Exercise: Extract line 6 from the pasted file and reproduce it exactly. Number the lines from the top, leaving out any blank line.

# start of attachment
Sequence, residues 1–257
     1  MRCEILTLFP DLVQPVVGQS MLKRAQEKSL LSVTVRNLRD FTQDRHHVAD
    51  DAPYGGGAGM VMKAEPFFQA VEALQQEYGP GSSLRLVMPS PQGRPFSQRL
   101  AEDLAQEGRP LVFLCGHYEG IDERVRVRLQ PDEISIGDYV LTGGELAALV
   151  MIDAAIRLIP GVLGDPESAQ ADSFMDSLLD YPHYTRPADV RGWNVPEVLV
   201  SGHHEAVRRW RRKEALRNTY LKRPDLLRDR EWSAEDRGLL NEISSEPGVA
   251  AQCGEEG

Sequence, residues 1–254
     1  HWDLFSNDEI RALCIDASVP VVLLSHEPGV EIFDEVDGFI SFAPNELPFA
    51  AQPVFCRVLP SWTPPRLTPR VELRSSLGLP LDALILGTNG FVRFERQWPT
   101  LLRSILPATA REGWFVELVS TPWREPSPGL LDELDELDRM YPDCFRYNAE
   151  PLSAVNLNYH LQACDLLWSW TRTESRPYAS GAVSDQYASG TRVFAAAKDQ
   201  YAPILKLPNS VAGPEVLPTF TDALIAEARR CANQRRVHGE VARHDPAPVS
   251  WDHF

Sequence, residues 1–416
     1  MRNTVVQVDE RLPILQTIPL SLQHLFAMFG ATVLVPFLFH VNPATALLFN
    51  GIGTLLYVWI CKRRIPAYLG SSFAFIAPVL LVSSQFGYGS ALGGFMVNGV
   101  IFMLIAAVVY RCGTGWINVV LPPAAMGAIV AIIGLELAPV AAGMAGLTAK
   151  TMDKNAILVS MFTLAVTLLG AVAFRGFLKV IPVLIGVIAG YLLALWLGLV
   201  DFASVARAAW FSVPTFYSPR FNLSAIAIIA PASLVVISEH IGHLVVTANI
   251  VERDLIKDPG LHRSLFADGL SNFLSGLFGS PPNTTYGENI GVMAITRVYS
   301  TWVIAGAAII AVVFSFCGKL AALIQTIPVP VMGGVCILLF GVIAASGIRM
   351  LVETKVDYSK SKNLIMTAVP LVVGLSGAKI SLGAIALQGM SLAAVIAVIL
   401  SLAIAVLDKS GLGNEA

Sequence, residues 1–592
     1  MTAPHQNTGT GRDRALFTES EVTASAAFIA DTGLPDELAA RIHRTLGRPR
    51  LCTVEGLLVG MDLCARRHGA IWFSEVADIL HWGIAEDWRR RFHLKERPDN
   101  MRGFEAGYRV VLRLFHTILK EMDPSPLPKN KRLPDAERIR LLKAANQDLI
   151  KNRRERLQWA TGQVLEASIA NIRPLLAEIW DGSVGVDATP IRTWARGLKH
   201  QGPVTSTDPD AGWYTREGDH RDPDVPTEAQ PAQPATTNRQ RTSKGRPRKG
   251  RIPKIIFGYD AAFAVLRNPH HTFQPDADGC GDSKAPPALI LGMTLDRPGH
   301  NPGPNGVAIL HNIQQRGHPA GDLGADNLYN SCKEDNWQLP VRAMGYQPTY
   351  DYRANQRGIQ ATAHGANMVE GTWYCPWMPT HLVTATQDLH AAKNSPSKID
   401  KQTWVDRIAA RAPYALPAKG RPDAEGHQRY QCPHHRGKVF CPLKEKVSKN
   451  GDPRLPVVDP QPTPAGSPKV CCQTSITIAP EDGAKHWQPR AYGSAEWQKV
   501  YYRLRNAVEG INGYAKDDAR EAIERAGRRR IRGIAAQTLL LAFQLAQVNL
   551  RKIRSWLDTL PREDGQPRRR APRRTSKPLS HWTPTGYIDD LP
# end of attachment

   201  SGHHEAVRRW RRKEALRNTY LKRPDLLRDR EWSAEDRGLL NEISSEPGVA